Ramesh Nyberg

A Hungry Dog Hunts Best

The book my generation learned to read in the first grade went something like this: “This is Spot. See Spot run. Run, Spot, run!”

Then, there would be a big picture of the dog and the question, “Do you see Spot?”

The “book” is quite different now. It is compacted into an invisible computer code which goes, “Run, Spot! Now, go into the building with this geolocator, Spot. Once inside, send us back data in real time with your HD camera and sensors and tell us how many subjects are inside, if they are armed, and how many hostages or injured people might be there as well.” And, Spot does it, unarmed and without hesitation. As you’ve already guessed, Spot doesn’t need pay, praise, days off, and he only needs a few hours of “rest” to get charged back up.

We have Spot in the Miami-Dade Police Department now (that’s really his name, too). He’s pretty cool. He does all that stuff I wrote about in the previous paragraph and more. On his way inside the building, Spot can maneuver his way over rubble, fallen objects and other hazards, and he can withstand heat which human beings cannot. He won’t even hesitate if he’s shot at and being disabled by gunfire is no issue; he can be repaired. Spot is saving human lives from being in harm’s way and can relay valuable intel to officers on scene before deciding to send in real flesh and blood. While Spot is busy scoping out the scene – whether it’s a barricaded subject or a building collapse – a drone can be overhead, mapping out potential points of entrance and egress, and taking photos through windows to identify and assess threats inside the building from different vantage points.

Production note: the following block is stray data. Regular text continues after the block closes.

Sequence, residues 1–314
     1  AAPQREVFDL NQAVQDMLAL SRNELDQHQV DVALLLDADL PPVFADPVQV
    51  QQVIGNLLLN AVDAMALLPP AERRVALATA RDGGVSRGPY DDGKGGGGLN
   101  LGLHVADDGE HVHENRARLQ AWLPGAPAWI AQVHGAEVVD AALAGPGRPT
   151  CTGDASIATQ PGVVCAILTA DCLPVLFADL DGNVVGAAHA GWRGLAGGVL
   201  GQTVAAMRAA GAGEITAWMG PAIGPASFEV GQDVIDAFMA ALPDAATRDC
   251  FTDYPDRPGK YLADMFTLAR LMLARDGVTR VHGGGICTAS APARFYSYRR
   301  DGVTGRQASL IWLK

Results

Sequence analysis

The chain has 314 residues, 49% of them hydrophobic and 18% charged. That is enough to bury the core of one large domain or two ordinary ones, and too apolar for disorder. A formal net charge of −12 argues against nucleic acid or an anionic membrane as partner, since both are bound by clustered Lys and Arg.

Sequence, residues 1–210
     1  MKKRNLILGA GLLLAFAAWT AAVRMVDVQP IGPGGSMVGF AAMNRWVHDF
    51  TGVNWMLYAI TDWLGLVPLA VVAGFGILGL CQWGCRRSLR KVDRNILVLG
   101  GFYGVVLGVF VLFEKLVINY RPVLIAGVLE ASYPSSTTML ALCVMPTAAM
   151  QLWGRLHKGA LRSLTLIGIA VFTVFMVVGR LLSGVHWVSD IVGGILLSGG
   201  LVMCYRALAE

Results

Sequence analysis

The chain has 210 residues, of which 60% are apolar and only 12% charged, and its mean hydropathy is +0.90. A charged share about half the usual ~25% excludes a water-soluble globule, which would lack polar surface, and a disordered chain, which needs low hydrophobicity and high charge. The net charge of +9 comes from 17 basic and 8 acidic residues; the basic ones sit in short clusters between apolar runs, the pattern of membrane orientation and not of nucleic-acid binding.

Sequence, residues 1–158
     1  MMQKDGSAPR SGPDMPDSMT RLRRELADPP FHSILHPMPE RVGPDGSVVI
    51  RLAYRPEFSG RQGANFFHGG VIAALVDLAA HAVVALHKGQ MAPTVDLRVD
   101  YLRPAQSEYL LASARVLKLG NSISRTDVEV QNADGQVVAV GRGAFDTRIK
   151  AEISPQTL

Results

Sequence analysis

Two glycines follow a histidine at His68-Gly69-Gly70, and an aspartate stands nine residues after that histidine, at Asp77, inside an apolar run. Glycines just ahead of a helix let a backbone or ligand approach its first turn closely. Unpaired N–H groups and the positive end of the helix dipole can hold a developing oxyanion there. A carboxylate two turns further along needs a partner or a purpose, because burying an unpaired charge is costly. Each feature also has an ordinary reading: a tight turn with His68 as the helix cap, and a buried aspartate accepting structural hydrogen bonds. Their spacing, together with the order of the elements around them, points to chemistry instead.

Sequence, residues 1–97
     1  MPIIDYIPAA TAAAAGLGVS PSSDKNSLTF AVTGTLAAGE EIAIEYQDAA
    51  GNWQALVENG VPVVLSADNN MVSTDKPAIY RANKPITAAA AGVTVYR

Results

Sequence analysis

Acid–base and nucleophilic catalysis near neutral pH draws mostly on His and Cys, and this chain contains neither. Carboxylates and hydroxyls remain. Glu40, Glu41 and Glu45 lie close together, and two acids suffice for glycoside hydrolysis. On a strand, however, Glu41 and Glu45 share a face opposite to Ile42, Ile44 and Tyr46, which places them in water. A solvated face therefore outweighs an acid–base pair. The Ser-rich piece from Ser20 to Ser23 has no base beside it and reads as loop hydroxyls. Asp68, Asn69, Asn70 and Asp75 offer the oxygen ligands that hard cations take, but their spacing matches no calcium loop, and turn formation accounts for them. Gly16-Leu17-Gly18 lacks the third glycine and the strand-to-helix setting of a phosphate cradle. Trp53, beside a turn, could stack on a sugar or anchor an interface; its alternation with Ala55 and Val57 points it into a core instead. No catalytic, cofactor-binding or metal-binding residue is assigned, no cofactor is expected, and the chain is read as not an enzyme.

This is just the tip of the AI/robotic iceberg, folks, and it’s happening faster than most of us can keep up with. I’ve written about technology many times in this column and this one probably won’t be the last, as it seems like every week there are advances which are mind-boggling in scope, as well as daunting in legal ambiguity. Drones are my favorite topic for now, because of the uproar they cause. Get this: We all know that everyone is concerned with school safety. School districts and the private sector have thrown an immense amount of resources into devising strategies and putting physical security measures in place. The school in which I work is a big campus with over 3,200 students. Certain areas are vulnerable and while you can’t cover every little nook and cranny, I proposed an idea. Have a trained person fly a drone in various patrol patterns around the perimeter of the school grounds. If they spot a threat, or even a suspicious person approaching or attempting to access the perimeter, they can see it from the air and quickly notify everyone to lock down, while police can be dispatched to intercept the intruder. Yes, the drone would have to land and recharge, so you have two – one lands and the other launches immediately. Two security people can handle this switch quickly and then the one can continue flying and monitoring. What’s the cost? It’s about $4,000 for two good quality UAVs and maybe the hiring of an extra person. There are some very sophisticated systems now which can fly and autoland when their batteries run low and launch at the tap of a button. They are outfitted with hi-def cameras and an automatic tracking system (once motion is detected in a certain area) and even facial recognition, if you wanted to go that far.